Birth of a Porter

In an annual rite, brewers at Full Sail opened the barrels of aging Top Sail Imperial Porter yesterday. The beer had been gestating for a year (four days shy, actually, if you're a stickler for precision) in those barrels, and what came out was not only different from what went in--but different from what was in the next barrel over.

This year Full Sail used 18-year-old barrels of Maker's Mark, Wild Turkey, and rye from Jim Beam. The idea is to get a blend of flavors from different types of barrels. Last year, Full Sail used two types of barrels, and for a short time they had examples of all three variants on tap at the Pilsner Room--a blend of all barrels, and then one each that came from the two different types. (Here's my review from last year's iteration.) Yesterday, though, I got to sample the beer as it was coming directly out of the barrels, pre-blend (pic here of the blogger in action). This is slightly different because, while the different types of barrels contribute a character of their own, each barrel also has its own character.

Barrel-aging is an organic process. The brewer's work has been completed by the time the beer goes into the casks, and what happens next is uncontrolled biochemistry. The beer pulls the liquor from the wood and it blends together, adding alcohol and aromatic compounds. Oxygen slowly seeps through the grain of the wood and interacts with the beer. The various compounds within the beer continue to evolve and interact. Each barrel becomes a singular ecosystem for these changes, and at the end of a year, each one has a unique character. Cracking those barrels open after a year is a fascinating study in biology.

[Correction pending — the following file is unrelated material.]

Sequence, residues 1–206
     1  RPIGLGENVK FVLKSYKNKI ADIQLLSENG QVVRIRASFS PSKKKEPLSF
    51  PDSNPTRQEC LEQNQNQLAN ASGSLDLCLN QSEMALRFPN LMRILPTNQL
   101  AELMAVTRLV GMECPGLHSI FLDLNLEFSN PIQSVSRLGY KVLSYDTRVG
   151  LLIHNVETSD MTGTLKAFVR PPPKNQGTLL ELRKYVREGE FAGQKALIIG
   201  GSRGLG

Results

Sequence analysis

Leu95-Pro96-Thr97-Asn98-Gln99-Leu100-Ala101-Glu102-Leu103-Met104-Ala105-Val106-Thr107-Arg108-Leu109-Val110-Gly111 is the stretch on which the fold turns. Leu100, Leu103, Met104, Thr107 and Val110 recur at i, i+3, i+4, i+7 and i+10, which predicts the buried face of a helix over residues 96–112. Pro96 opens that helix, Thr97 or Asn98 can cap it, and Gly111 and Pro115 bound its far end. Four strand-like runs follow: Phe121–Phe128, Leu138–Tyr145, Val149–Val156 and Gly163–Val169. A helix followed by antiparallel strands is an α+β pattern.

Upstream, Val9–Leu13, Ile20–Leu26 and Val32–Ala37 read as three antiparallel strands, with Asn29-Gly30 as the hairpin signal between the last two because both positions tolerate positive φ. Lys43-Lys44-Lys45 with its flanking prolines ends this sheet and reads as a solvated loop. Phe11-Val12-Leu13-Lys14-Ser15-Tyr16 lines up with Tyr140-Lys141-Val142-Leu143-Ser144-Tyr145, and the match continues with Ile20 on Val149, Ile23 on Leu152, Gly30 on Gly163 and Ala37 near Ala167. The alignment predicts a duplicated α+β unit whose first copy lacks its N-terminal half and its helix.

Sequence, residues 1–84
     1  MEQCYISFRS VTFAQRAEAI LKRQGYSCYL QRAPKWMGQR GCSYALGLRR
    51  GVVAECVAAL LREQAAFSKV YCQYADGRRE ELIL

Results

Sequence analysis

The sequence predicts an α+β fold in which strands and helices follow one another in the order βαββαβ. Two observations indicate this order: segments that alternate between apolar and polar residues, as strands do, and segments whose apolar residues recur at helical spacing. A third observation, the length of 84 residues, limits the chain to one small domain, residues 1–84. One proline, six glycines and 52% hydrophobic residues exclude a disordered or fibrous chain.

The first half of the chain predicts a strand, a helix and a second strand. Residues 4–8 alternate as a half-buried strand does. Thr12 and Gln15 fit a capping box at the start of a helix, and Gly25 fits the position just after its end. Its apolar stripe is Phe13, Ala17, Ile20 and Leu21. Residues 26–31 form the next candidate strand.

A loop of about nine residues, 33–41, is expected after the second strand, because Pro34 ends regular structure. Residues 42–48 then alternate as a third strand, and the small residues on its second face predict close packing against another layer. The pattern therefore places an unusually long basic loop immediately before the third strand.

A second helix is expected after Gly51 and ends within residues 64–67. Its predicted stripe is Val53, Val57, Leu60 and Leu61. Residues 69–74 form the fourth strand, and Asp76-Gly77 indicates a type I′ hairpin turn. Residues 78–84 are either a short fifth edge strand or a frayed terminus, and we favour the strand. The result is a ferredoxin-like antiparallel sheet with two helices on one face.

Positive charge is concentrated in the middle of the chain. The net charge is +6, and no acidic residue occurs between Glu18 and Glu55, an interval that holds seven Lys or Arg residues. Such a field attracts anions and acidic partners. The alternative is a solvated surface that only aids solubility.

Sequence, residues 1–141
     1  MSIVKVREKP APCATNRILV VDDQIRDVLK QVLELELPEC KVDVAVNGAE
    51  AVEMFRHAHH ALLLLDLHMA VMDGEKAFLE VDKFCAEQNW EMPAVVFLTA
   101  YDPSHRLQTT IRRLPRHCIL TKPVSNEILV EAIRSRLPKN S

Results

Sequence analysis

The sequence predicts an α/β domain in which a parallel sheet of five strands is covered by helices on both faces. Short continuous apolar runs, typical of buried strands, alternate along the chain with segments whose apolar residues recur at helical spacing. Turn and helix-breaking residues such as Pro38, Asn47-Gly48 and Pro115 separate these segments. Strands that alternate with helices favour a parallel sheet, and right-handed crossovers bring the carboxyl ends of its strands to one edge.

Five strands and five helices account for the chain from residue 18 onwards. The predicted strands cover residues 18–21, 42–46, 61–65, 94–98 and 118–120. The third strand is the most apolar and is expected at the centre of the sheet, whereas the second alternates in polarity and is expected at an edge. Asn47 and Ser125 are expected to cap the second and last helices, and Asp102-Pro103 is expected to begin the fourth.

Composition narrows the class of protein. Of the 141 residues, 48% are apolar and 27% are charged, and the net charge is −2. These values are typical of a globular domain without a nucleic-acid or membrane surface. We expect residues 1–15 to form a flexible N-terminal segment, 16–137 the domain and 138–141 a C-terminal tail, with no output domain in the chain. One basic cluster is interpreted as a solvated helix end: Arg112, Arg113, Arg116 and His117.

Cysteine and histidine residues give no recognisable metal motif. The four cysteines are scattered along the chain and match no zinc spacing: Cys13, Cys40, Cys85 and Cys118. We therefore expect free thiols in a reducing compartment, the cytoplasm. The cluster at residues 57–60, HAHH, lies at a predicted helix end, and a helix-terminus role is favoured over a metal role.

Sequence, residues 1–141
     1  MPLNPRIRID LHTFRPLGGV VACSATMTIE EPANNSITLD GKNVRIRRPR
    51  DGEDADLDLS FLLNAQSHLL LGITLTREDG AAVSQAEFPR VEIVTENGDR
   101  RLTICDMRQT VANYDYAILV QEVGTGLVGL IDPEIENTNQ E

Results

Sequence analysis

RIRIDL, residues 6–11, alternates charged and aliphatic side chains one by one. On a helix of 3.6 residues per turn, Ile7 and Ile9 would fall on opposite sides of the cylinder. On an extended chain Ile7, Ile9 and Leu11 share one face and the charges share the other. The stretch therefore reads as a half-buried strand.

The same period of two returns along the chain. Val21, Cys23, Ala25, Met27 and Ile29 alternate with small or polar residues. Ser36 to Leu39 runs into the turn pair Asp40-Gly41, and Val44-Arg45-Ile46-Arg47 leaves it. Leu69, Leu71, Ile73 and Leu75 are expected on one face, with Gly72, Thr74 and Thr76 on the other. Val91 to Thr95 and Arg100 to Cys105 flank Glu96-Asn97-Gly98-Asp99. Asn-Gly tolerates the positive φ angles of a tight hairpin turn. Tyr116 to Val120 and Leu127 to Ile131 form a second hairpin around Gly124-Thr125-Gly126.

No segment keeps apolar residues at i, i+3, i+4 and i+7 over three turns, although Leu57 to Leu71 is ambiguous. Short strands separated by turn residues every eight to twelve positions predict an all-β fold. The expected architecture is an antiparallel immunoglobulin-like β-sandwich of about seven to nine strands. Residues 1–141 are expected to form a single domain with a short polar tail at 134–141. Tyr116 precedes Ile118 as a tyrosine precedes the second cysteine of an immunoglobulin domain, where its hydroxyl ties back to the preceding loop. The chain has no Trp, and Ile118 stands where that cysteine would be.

In general, the Maker's Mark barrels produced a decadent beer--extremely rich and loaded with chocolate and cherry flavors. The Wild Turkey was, as you might expect, hotter and thinner, with a sharp edge. The rye barrels were my faves overall--they were earthier, spicier, and drier. Those were just broad contours, though. Barrel to barrel, flavors varied quite a bit. Some were more aromatic, some flatter, some richer, and some, sadly, had gone wrong. One was full of aldehydes and a vicious higher alcohol and one had the beginnings of what I argued might be a tasty funk (though there was a troubling solvent note). Both got dumped, and I captured the tragedy with my trusty camera.

The beer is headed for a tank where it will rest and settle for a period before bottling and it should be available next month. Meanwhile, the next batch of bourbon casks are headed to Hood River, awaiting the 2013 vintage of Black Gold Imperial Stout. They've been doing this every year since 1998, and now they alternate the stout and porter every other year. I will be most fascinated to see how the final blend tastes.